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, 172 (10), 967-77

Is Adult ADHD a Childhood-Onset Neurodevelopmental Disorder? Evidence From a Four-Decade Longitudinal Cohort Study

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Is Adult ADHD a Childhood-Onset Neurodevelopmental Disorder? Evidence From a Four-Decade Longitudinal Cohort Study

Terrie E Moffitt et al. Am J Psychiatry.

Abstract

Objective: Despite a prevailing assumption that adult ADHD is a childhood-onset neurodevelopmental disorder, no prospective longitudinal study has described the childhoods of the adult ADHD population. The authors report follow-back analyses of ADHD cases diagnosed in adulthood, alongside follow-forward analyses of ADHD cases diagnosed in childhood, in one cohort.

Method: Participants belonged to a representative birth cohort of 1,037 individuals born in Dunedin, New Zealand, in 1972 and 1973 and followed to age 38, with 95% retention. Symptoms of ADHD, associated clinical features, comorbid disorders, neuropsychological deficits, genome-wide association study-derived polygenic risk, and life impairment indicators were assessed. Data sources were participants, parents, teachers, informants, neuropsychological test results, and administrative records. Adult ADHD diagnoses used DSM-5 criteria, apart from onset age and cross-setting corroboration, which were study outcome measures.

Results: As expected, childhood ADHD had a prevalence of 6% (predominantly male) and was associated with childhood comorbid disorders, neurocognitive deficits, polygenic risk, and residual adult life impairment. Also as expected, adult ADHD had a prevalence of 3% (gender balanced) and was associated with adult substance dependence, adult life impairment, and treatment contact. Unexpectedly, the childhood ADHD and adult ADHD groups comprised virtually nonoverlapping sets; 90% of adult ADHD cases lacked a history of childhood ADHD. Also unexpectedly, the adult ADHD group did not show tested neuropsychological deficits in childhood or adulthood, nor did they show polygenic risk for childhood ADHD.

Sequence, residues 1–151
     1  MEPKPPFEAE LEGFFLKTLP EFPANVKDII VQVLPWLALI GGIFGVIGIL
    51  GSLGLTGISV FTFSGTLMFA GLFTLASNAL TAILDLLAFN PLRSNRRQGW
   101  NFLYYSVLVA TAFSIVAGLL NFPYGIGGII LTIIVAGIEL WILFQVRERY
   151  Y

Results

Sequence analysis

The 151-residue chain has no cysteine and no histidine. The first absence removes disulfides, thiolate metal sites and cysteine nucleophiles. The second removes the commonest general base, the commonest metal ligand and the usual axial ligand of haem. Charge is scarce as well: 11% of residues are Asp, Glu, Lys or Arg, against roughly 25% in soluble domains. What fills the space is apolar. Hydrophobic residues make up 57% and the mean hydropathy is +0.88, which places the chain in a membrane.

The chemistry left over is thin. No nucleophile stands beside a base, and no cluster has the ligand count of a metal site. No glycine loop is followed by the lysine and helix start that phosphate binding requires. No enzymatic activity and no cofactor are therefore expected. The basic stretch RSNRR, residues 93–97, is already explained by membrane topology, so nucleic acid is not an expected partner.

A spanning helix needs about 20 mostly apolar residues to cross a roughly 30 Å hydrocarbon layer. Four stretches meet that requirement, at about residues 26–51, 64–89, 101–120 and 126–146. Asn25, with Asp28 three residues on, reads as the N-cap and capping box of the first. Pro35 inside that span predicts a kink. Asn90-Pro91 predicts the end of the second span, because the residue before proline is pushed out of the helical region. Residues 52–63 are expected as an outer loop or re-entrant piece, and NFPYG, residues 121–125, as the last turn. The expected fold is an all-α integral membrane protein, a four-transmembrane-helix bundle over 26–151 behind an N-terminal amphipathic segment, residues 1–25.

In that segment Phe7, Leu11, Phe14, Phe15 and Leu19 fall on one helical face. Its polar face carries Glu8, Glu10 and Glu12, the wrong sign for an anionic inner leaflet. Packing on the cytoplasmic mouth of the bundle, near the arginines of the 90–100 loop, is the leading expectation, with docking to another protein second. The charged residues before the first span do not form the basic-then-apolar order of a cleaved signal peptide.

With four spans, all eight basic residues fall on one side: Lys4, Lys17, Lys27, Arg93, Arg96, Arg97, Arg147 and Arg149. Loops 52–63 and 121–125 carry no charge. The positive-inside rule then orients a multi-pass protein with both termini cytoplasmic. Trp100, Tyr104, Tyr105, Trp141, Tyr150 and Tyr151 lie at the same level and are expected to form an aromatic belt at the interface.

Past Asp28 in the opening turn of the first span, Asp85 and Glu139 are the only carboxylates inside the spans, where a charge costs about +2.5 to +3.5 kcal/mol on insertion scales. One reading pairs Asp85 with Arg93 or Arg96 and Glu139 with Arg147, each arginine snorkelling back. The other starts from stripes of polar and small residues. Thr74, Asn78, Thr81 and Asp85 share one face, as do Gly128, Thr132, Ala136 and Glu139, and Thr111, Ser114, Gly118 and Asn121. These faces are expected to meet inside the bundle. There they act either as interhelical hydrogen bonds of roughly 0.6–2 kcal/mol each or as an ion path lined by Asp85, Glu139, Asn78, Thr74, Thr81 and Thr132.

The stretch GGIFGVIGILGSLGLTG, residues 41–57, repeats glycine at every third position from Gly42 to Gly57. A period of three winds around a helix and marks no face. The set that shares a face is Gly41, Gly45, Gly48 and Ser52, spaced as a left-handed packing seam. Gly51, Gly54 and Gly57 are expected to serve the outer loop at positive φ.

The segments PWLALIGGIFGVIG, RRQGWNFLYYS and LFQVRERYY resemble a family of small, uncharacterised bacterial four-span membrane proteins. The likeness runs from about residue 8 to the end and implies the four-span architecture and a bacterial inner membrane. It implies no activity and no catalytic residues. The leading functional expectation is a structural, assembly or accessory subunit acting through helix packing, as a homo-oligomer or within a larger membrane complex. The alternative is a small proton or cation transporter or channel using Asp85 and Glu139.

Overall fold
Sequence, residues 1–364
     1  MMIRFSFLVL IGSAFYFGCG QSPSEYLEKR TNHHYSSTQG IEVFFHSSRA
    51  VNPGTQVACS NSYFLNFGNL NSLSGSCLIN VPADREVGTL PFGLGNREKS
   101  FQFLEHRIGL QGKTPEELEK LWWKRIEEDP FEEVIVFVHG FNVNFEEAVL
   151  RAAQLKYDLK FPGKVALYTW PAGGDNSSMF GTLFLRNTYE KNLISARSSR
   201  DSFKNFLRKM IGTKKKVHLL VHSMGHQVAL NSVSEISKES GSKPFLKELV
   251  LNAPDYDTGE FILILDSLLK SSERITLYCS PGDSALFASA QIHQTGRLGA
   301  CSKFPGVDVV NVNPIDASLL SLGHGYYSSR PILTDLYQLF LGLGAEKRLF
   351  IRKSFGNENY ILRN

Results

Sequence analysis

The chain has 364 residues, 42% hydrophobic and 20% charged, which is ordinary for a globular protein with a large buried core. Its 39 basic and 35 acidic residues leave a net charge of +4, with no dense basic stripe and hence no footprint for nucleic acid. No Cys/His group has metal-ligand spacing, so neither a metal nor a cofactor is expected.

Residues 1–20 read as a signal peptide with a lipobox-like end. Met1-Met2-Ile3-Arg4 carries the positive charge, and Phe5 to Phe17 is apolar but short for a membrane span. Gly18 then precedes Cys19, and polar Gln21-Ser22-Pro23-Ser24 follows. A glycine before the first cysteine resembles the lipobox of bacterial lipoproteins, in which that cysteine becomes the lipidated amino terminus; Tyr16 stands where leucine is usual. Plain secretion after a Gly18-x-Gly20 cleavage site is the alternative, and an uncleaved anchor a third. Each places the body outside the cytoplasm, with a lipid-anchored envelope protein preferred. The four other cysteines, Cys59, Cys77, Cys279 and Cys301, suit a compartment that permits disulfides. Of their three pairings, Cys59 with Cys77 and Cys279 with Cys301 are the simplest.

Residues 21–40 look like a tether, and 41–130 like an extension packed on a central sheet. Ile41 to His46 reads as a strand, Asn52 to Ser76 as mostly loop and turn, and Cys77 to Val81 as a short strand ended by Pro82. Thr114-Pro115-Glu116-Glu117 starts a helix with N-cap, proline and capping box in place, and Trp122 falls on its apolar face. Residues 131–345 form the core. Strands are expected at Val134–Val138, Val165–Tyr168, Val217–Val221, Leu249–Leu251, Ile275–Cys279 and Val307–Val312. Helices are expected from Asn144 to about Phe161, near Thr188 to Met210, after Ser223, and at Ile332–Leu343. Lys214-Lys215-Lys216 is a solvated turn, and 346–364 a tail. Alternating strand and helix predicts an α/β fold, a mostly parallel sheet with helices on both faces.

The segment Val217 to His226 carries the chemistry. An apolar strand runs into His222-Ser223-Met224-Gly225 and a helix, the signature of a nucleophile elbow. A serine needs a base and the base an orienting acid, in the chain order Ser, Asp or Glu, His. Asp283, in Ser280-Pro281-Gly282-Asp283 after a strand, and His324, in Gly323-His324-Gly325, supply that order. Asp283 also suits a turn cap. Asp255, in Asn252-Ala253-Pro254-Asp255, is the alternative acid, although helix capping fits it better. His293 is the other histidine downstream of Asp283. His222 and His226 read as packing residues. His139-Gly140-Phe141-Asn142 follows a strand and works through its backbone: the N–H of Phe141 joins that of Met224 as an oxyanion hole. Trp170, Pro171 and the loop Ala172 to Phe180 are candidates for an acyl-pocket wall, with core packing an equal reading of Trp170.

Conclusions: The findings raise the possibility that adults presenting with the ADHD symptom picture may not have a childhood-onset neurodevelopmental disorder. If this finding is replicated, then the disorder's place in the classification system must be reconsidered, and research must investigate the etiology of adult ADHD.

Conflict of interest statement

Conflicts of interest: TM, RH, DB, DC, MH, HH, SH, MM, RP, SR, KS, BW, and AC have no conflicts of interest to report.

Figures

Figure 1
Figure 1
Childhood-ADHD and adult-ADHD groups comprised virtually non-overlapping sets.
Figure 2
Figure 2
The adult-ADHD and child-ADHD groups did not overlap. This was not simply because many childhood-ADHD cases just missed the 5-symptom threshold for adult diagnosis. Panels a and b show how many childhood-ADHD cases (N = 61) had each level of adult-ADHD inattention and hyperactive/impulsive symptoms. For comparison, panels c and d show how many adult-ADHD cases (N = 31) had each level of adult symptoms. (3 individuals who had ADHD as a child and as an adult are included in all graphs.) * 2 Study members with current schizophrenia at age 38 were excluded from the adult-ADHD diagnosis, per DSM5.
Figure 3
Figure 3
Few adult-ADHD cases had childhood onset before age 12 years. We used the available items rated by teachers at child ages 5, 7, 9, and 11: “very restless, often running about or jumping up and down, hardly ever still,” “squirmy fidgety child,” “poor concentration, short attention span.” Items were rated 0=does not apply, 1=applies somewhat, or 2=certainly applies, yielding a range from 0 to 6. Ratings were summed at each age, then averaged across ages 5, 7, 9, and 11. Panel a shows few adult-ADHD group members (N = 31) scored at least one symptom rated “2=certainly” by their teachers. For comparison, panel b shows that most childhood-ADHD group members (N = 61) scored more than one symptom rated “2=certainly.” (3 individuals who had ADHD as a child and as an adult are included in all graphs.)

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